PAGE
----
New Greensburg mayor will attack rebuilding one piece at a time
01/24/2008 5:15 PM
01/24/2008 5:15 PM
It's been one month since Greensburg was devastated by a tornado packing 205-mph winds, and only a few days since John Janssen was named the new mayor. (Lonnie McCollum, who in the early days was a tireless booster, resigned the post citing mental exhaustion.)
Janssen, the former City Council president, was described by McCollum as "extremely intelligent" and better able to handle the job over the long haul.
Intrigued, we caught up with Janssen on Friday and asked him about his new role in helping Greensburg rise again:
What's your vision for Greensburg?
"I think we need to rebuild it bigger and better than it was. Not too many towns get to be reborn bigger and better again."
Janssen said he envisions a tourism complex in the downtown area that would better incorporate the Big Well with the business district. There would be a green space with a memorial to the tornado victims. For safety, all residences would be on the south side of the U.S. 54 highway so children would not have to cross it. The highway would be moved a block north of its current location so heavy truck traffic could move through town more smoothly -- there would be no stoplights. Because of the interest in the tornado, there would be some kind of tornado museum.
What is the best way to rebuild?
Janssen says zoning needs to be enforced. For example, trailer homes would not be allowed next to a $200,000 home.
"There is a place for a trailer house, but they all need to be together in an organized and planned park."
Other changes would include burying electrical cable.
With those kind of improvements, he said, "suddenly we have a very attractive community to people outside."
He said outsiders would bring with them amenities, like "a neat little coffeehouse."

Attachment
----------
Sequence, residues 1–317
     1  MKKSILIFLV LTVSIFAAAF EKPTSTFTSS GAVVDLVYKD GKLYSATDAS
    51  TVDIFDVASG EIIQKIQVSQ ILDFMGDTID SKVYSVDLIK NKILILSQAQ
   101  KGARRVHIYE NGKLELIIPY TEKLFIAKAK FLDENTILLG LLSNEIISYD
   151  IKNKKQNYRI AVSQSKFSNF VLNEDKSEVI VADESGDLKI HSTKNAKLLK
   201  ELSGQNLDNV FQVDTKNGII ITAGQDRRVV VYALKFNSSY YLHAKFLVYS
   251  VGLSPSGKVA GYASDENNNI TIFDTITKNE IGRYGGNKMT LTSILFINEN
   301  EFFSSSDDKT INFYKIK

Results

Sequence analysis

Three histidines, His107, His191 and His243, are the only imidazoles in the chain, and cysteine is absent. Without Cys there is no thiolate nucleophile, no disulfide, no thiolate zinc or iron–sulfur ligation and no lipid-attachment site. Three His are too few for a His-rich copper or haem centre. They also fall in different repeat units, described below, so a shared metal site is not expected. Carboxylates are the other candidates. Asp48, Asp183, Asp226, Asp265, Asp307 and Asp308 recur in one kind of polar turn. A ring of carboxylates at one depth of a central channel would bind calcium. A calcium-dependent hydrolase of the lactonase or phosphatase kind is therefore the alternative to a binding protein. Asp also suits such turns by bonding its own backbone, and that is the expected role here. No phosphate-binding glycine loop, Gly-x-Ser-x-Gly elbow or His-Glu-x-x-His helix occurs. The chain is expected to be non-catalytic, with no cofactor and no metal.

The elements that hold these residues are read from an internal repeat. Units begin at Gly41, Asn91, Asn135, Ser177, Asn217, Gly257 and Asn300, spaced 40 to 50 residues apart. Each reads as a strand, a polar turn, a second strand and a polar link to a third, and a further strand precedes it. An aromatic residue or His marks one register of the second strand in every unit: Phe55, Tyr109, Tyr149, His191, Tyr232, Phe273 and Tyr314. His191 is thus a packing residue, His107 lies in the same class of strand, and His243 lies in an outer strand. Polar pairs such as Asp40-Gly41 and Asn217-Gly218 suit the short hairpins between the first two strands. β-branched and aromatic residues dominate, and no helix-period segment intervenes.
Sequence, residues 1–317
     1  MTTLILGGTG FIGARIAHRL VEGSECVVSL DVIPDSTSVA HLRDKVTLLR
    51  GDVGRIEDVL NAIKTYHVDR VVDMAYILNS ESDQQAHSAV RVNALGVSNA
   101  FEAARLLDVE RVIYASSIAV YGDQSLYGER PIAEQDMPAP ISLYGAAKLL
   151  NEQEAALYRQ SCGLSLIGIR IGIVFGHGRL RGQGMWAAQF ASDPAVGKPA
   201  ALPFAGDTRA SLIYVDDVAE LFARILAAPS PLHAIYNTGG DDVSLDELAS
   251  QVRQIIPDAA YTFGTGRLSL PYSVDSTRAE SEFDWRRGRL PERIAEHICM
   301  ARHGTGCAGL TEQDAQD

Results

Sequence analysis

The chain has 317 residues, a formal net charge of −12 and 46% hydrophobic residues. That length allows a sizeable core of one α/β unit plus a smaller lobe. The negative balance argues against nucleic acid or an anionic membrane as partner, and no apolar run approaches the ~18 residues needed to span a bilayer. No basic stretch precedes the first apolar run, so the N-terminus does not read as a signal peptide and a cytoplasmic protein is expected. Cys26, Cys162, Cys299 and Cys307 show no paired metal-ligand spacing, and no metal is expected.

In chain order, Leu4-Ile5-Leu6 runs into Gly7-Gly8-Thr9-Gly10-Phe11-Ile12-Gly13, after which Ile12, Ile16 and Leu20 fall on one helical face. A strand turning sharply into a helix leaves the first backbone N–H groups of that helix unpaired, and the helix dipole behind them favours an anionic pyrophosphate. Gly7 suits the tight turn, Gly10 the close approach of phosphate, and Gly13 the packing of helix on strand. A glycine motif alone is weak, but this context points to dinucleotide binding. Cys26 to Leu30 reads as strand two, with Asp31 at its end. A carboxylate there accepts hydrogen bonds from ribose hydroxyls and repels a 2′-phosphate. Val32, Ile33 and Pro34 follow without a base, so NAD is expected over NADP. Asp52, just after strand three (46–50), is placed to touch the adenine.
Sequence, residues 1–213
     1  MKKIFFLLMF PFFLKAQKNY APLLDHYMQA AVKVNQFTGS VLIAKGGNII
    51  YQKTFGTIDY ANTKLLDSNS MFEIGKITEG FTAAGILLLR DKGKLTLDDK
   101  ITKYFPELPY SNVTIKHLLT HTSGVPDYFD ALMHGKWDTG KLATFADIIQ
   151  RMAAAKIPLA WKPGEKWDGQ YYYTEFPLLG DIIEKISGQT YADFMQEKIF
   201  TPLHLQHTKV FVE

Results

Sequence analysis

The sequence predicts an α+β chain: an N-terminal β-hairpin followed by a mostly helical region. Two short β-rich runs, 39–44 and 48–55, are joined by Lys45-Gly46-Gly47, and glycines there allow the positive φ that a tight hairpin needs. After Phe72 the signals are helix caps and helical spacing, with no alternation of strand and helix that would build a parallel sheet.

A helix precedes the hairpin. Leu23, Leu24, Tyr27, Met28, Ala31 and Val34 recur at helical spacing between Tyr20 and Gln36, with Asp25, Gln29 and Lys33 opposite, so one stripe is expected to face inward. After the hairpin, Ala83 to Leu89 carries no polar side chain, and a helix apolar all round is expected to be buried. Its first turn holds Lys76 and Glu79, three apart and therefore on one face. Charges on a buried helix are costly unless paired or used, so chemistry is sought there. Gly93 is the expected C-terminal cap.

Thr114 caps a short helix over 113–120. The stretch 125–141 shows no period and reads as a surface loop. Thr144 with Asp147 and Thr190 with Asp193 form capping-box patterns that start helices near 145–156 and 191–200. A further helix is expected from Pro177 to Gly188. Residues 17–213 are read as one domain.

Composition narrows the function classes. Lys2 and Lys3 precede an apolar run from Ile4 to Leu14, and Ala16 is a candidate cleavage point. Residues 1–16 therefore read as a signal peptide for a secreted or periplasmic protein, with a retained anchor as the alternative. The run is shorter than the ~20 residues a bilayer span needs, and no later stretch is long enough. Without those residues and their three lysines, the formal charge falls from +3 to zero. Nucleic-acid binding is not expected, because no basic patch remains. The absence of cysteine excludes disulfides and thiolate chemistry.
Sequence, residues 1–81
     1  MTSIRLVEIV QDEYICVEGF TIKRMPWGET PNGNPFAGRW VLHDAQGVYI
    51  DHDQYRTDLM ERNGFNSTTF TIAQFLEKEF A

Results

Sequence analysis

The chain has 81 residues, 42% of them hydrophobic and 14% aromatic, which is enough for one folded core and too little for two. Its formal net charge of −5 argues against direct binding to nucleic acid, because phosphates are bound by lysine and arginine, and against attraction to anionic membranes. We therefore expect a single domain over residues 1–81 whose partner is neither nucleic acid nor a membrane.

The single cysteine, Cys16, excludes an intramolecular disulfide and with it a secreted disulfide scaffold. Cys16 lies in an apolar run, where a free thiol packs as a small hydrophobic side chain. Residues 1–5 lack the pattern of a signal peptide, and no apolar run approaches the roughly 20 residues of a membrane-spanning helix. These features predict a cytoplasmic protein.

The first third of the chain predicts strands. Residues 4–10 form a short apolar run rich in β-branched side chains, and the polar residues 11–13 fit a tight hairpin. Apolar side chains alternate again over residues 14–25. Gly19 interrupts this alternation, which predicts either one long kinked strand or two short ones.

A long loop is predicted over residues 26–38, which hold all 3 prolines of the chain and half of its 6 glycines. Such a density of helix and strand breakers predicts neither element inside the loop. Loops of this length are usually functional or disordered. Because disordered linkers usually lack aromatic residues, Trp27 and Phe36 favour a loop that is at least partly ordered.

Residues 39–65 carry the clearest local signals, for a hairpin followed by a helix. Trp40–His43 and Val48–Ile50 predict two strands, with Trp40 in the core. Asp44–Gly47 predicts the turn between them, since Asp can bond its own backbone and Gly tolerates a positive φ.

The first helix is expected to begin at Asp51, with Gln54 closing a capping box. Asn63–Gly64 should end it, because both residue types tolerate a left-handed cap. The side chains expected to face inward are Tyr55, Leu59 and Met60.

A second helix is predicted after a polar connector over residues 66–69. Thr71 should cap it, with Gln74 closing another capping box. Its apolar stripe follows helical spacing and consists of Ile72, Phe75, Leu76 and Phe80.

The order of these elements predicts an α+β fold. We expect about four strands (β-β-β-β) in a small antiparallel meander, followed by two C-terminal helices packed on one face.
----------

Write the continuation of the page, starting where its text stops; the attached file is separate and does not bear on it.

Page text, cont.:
What motivates you to do this difficult job?
"I guess I would blame it on my parents. My parents were both public minded. You need to give back to the community, is what I feel like. We have so many opportunities. If we drop the ball, it's our own fault."
How do you keep from being overwhelmed by the responsibility of being mayor at such a challenging time?
"My philosophy is... you've got to participate, but I don't have to live" at City Hall.
Janssen said because of his work commitments, he has to limit the hours he spends working as mayor.
"It's a matter of managing the time commitment."
What do you say to townspeople who find themselves disillusioned about Greensburg's future?
"This kind of thing does look overwhelming. You've just got to take it in pieces. You can't swallow it all at one time."
Janssen said it is realistic that the town's population could drop by half in the short term, as some people move away. It could be 10 more years before the population returns to what it was before the tornado -- about 1,400.
How do you describe yourself?
"I am optimistic. I tend to be the one who crunches numbers.
"I can be impatient. My attitude is, let's make a decision and move on. We don't have to think a thing to death."
Janssen said that at the same time, he is flexible.
What is a day in the life of the Greensburg mayor like now?
"It's a zoo around here," he said, sitting in a trailer that is the temporary City Hall.
He said the job requires him to stay in close touch with Steve Hewitt, the city administrator.
"If he says 'I need you in a meeting,' I'll be at that meeting. There's days when I don't show up at all. And there's days when I do whatever Steve tells me."
Janssen said he can be blunt. "I'm not a good politician."
What is the most difficult part of your job?
Finding common ground or compromise, "and not getting frustrated with all the agencies and all the meetings.
"It's to strike a balance where you can do the best that you can for the community and not offend the bureaucrats."
What is the most rewarding part of your job?
"The fact I think we're going to get this thing right if people will bear with us.
"I'm a person who likes projects."
What does Greensburg still need to recover?
"Part of it is we just need time, because people have got to get adapted to where we are and where the rebuilding is.... I think a lot of people just need a healing."